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Old 10-07-09, 02:47 AM   #1
RubenX 
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Does Microwave ovens affect WiFi Routers?

I've noticed that a lot of times, when I'm watching a movie on one of the WiFied PCs, and somebody uses the microwave oven, the movie stops for a while.
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Old 10-07-09, 03:36 AM   #2
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Don't know about routers, but I noticed the microwave at my buddies house would
screw up his satellite signal. The dish was on the side of the house right outside
the kitchen countertop where the microwave was. Probably leakage. Might not
want to press your face against the door when makin popcorn.
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Old 10-07-09, 04:09 AM   #3
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Yes it does if it's on the same frequency. Try turning on the micro when someone is conducting business interactively online.
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Old 10-07-09, 05:05 AM   #4
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Yes it does if it's on the same frequency. Try turning on the micro when someone is conducting business interactively online.
Now that's just evil
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Old 10-07-09, 06:21 AM   #5
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Yes, Microwaves DO operate on the same frequencies as wireless routers (well, B and G routers (2.4 Ghz)... A band is a different frequency range(5 Ghz)). That said, they're shielded so they shouldn't really affect the routers that much... In general, better microwaves may be shielded better.

Some routers have configuration settings for interference, and you can try changing the wireless channel.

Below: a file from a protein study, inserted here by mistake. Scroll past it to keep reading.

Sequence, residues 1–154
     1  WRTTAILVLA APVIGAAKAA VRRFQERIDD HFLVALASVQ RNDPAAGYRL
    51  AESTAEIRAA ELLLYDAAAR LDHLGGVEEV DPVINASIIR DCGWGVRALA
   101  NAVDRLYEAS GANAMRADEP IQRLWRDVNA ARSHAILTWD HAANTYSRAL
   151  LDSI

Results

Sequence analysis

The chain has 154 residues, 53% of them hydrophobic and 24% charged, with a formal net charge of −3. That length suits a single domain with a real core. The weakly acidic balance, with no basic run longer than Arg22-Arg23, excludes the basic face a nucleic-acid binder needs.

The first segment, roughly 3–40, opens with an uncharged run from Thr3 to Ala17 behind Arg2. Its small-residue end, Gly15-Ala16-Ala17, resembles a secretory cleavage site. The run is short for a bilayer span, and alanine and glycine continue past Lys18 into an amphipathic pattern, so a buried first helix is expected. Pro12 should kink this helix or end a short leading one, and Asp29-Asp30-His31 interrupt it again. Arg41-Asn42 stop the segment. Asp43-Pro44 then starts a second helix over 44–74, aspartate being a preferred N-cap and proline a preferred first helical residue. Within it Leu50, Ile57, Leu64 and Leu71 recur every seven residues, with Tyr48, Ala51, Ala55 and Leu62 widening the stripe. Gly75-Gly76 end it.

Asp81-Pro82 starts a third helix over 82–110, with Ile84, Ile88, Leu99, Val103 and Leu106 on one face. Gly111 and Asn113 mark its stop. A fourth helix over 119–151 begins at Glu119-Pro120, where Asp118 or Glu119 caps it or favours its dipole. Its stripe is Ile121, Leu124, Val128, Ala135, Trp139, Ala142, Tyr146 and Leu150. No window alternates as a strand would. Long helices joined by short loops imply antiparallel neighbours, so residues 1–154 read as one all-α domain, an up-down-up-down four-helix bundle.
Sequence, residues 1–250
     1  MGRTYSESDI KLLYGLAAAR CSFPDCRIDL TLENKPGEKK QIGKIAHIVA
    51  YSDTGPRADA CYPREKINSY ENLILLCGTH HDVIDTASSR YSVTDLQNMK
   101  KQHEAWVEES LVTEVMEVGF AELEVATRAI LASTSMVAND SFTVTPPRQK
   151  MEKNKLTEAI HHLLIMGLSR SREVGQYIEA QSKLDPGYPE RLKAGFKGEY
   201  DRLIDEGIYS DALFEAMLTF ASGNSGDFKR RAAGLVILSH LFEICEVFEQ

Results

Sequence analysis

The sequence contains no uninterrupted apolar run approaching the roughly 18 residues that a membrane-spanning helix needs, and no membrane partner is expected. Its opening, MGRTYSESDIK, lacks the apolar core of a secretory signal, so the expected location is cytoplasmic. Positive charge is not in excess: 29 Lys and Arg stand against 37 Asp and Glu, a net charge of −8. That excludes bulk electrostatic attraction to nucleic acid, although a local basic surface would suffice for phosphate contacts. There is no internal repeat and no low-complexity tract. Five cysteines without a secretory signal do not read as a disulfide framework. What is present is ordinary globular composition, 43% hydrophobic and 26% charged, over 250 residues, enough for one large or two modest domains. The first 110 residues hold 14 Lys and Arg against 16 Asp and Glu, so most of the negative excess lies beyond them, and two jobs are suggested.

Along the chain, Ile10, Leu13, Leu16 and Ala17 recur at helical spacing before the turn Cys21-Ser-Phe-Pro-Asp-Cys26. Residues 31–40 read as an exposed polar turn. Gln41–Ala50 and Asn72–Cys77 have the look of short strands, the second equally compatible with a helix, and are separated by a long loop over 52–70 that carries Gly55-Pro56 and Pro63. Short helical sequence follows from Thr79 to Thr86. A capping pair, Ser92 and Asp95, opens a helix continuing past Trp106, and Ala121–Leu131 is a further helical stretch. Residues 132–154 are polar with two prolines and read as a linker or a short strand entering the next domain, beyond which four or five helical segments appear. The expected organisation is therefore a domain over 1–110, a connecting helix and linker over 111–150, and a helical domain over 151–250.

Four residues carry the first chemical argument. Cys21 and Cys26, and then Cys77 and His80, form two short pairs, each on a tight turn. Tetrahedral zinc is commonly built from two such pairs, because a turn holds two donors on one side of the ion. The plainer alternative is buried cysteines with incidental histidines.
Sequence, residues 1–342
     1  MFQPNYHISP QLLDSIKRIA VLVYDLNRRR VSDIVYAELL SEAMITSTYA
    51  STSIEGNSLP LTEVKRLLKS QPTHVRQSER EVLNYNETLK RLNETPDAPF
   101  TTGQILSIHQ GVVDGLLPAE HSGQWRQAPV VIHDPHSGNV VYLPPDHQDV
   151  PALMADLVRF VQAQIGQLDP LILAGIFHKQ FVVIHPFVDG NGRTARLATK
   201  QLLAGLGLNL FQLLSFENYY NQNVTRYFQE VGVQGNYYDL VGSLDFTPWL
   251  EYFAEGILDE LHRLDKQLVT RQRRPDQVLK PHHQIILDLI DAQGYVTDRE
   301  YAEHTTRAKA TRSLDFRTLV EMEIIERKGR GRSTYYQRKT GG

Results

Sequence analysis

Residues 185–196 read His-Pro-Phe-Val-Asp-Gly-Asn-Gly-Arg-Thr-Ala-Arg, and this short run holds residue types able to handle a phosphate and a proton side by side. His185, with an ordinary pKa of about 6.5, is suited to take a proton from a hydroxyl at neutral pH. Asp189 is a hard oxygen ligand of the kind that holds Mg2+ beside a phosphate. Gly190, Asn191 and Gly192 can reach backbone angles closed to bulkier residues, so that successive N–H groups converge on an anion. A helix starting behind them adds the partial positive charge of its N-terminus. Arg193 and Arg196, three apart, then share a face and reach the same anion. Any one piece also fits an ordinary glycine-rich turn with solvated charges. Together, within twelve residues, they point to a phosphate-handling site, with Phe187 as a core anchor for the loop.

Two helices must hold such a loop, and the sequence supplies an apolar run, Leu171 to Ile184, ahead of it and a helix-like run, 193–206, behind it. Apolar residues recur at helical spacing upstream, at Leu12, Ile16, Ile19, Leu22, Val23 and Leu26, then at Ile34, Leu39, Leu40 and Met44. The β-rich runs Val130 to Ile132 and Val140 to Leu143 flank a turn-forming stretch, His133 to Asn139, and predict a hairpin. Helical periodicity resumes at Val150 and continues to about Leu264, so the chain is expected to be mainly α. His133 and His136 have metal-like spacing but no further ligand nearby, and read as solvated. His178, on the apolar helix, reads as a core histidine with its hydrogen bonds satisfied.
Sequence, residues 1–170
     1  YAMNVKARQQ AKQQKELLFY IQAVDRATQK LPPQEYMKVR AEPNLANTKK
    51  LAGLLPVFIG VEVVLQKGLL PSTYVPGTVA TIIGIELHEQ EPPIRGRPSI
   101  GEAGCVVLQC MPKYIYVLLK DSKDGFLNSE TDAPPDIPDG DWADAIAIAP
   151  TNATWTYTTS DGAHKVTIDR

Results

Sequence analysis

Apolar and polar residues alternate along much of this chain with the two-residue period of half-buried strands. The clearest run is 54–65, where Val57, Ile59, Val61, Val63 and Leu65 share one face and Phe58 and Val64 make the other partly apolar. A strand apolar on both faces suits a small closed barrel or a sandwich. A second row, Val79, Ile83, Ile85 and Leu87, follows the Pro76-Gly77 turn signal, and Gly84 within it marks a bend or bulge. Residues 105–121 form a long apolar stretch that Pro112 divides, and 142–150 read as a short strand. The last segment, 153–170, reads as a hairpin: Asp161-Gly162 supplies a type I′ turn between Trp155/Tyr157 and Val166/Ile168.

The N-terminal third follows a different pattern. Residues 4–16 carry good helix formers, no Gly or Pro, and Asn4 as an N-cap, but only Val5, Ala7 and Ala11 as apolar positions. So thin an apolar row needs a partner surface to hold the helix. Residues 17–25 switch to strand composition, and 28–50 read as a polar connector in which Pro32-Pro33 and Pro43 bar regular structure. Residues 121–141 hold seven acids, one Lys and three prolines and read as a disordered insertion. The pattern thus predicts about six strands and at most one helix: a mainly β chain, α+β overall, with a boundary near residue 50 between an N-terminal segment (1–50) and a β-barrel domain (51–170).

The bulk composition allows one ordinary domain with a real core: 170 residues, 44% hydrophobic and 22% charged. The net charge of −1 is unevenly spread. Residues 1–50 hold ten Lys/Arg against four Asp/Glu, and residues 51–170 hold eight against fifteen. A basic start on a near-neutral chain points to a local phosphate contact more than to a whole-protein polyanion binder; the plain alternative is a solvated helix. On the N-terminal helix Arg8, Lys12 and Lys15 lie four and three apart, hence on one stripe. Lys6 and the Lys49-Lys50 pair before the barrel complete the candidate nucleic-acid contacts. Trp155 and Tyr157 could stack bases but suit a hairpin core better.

In the US b/g routers can use channels 1-11, but there are only 3 truly usable channels that don't overlap (1, 6, 11) I think almost every home router defaults to channel 6, so there are a LOT of routers out there using that channel. Try using 1 or 11... this will most likely put you onto a frequency range that is less used by other routers, as well as moving you out of the center range of the 2.4 Ghz frequency range used by a lot of devices (microwaves, cordless phones, baby monitors, etc)

Of course, you can also go with an A band router... this puts you into a totally separate frequency range, as well as gives you 24 unique, non-overlapping channels.... but if your computer doesn't have a compatible wireless adapter already, you'll have to get one.

N routers bring a whole 'nother level to things.... N routers use either the b/g band or the a band... and they get their increased speed by using multiple channels to transmit/receive at one time... I'd recommend one that can use the A band here, as well, as there are more usable channels available in that band, as well as fewer people using it... you're a lot less likely to have interference.
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Old 10-07-09, 06:26 AM   #6
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There are two potential interference modes from a MWO. One is radiated interference, and the other is conducted interference.

It's not inconceivable for EM fields to radiate from a MWO, but there are standards that require it be a very weak field. A MWO may not emit an EM field stronger than 5mW/cm^2 measured 2-inches from the surface (holy incongruent units batman). If the MWO is in compliance, this level of radiation would not appreciably affect other wireless devices in the house, even if they were on the same frequency.